Sean Williams, ‘Dead Children: Tort Law and Investments in Child Safety’

Should tort law treat cases of dead children differently than cases of dead adults? A diverse set of research — including bioethics studies, contingent valuation, and analyses of consumer behavior — all suggest that the answer is Yes. That research coalesces around a single pattern: people are willing to invest about twice as many resources in protecting children as they are in protecting adults, even when each are equally vulnerable to the relevant risk. This pattern extends to non-fatal risks as well, even those as mundane as the risk of catching a cold. These investment patterns suggest that, as a prima facie matter, a deterrence-oriented tort system should impose standards of care that are about twice as stringent for children as for adults, and award tort damages that are about twice as high for child victims. These insights — generated by focusing solely on deterrence — remain robust when we instead view tort law through the lenses of corrective justice or civil recourse. Each of these individual justice accounts of tort law is consistent with child exceptionalism, although some require fewer caveats than others. Such child exceptionalism is also consistent with plausible and attractive moral theories despite the fact that it could be framed as a deviation from formal equality. In addition to laying out the empirical and normative cases for heightened standards of care and heightened damages, the Article offers a set of tools that courts and legislatures can use to move tort law toward these goals.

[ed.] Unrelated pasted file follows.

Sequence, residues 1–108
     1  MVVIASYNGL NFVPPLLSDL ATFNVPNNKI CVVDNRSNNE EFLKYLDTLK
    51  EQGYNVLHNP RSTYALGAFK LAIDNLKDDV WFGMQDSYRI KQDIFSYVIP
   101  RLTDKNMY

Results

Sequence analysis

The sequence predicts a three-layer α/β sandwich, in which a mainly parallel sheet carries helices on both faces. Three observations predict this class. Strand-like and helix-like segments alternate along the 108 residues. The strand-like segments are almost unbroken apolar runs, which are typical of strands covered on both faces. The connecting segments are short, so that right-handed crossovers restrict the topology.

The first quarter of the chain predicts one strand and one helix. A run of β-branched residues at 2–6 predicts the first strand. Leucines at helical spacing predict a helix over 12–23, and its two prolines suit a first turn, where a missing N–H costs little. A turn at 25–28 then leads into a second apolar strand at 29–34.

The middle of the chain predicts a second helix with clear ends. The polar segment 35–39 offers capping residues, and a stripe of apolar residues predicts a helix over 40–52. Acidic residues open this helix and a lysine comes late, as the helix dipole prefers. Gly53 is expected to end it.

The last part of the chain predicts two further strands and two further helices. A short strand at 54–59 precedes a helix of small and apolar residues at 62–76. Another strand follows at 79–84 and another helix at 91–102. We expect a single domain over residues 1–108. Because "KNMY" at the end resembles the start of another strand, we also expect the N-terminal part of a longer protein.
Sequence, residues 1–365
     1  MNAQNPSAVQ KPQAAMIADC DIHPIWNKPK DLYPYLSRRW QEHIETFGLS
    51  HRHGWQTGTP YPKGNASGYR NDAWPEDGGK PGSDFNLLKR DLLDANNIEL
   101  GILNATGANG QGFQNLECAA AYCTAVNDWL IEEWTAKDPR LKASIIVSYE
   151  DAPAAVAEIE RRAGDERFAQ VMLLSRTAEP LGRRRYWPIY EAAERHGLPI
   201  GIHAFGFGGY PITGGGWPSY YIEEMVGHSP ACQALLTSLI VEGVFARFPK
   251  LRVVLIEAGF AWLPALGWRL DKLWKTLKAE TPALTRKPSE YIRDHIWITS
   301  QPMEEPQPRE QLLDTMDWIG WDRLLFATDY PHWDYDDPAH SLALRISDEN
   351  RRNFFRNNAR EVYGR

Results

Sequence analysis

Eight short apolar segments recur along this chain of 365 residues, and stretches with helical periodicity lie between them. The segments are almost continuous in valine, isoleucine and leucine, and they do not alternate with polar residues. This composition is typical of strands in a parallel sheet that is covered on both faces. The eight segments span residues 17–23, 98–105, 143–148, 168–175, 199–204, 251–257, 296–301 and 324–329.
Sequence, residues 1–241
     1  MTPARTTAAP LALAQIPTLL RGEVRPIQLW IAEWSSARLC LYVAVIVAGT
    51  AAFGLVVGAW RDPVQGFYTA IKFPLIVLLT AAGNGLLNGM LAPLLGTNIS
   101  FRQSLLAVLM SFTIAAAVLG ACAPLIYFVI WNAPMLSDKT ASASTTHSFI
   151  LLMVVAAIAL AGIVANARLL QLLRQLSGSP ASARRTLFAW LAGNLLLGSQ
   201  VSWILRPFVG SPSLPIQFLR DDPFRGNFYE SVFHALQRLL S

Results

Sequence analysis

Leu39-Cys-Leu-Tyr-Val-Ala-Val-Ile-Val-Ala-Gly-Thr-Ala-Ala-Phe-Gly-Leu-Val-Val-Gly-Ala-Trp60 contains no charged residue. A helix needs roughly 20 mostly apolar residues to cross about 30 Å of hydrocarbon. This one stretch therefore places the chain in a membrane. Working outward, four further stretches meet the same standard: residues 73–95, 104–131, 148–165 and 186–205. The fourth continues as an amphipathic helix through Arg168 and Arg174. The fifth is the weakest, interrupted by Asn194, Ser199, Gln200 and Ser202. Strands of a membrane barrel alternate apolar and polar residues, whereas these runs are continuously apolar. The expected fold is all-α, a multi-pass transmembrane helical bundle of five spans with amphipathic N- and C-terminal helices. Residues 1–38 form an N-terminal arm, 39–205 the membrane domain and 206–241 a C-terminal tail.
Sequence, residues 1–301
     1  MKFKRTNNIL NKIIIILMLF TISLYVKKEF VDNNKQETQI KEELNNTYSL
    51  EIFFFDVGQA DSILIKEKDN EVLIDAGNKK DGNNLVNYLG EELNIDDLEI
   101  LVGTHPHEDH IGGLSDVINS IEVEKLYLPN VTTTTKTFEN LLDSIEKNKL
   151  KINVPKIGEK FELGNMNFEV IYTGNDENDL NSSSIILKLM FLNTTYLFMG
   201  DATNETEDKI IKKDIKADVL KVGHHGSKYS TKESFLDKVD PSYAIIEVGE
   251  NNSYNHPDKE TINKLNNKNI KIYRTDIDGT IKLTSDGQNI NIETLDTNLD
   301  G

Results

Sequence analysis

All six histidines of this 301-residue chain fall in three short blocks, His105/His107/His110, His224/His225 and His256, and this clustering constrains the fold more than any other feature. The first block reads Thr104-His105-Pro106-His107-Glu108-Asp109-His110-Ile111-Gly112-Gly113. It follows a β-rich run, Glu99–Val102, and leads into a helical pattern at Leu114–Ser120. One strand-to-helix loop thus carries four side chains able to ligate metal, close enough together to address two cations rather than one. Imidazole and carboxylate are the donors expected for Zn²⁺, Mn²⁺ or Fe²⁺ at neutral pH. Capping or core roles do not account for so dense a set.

Williams, Sean H, Dead Children: Tort Law and Investments in Child Safety (December 15, 2014).

First posted 2014-12-17 07:03:10

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